The U.S. Fourth Circuit Court of Appeals granted a quick review of the recent ruling on North Carolina’s election law overhaul.
In an order filed on Thursday, Clerk Patricia S. Connor stated that attorneys should have all their briefs submitted to the appellate court by June 14.
Rick Hasen, a law professor at the University of California-Irvine who has been following the case, said it was possible that under such a schedule a hearing could be held in July and a ruling issued before the November general elections.
But most expect any ruling to be challenged up to the U.S. Supreme Court, and what would happen there is unclear.
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On Monday, U.S. District Judge Thomas Schroeder issued a 485-page ruling that upheld numerous changes to North Carolina’s election law.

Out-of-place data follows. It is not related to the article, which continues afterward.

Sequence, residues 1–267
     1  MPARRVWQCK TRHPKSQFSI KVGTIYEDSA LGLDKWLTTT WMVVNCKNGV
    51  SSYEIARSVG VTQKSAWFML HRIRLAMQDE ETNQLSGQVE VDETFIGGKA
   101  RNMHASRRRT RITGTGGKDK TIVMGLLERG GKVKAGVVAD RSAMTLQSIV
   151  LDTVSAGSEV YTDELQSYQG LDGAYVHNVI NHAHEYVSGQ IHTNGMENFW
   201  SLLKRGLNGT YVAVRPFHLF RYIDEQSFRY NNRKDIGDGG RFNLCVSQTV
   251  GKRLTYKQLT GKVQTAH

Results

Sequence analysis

Schroeder rejected challengers’ arguments that it was unconstitutional to require voters to show one of six photo identification cards to cast a ballot because it put a greater burden on black, Latino and young voters.
Additionally, the law curbed the number of early voting days, banned people from registering to vote and cast a ballot on the same day and prohibits people from voting outside their own precinct on election day.
A day after the ruling, the ACLU, League of Women Voters, NAACP and others announced plans to appeal.
Legal analysts who have reviewed Schroeder’s ruling say the judge went to great length to lay out facts in the case and that appellate judges usually give deference to the lower court on such matters.
The challengers said Tuesday they thought they had found grounds to appeal without elaborating on their plan.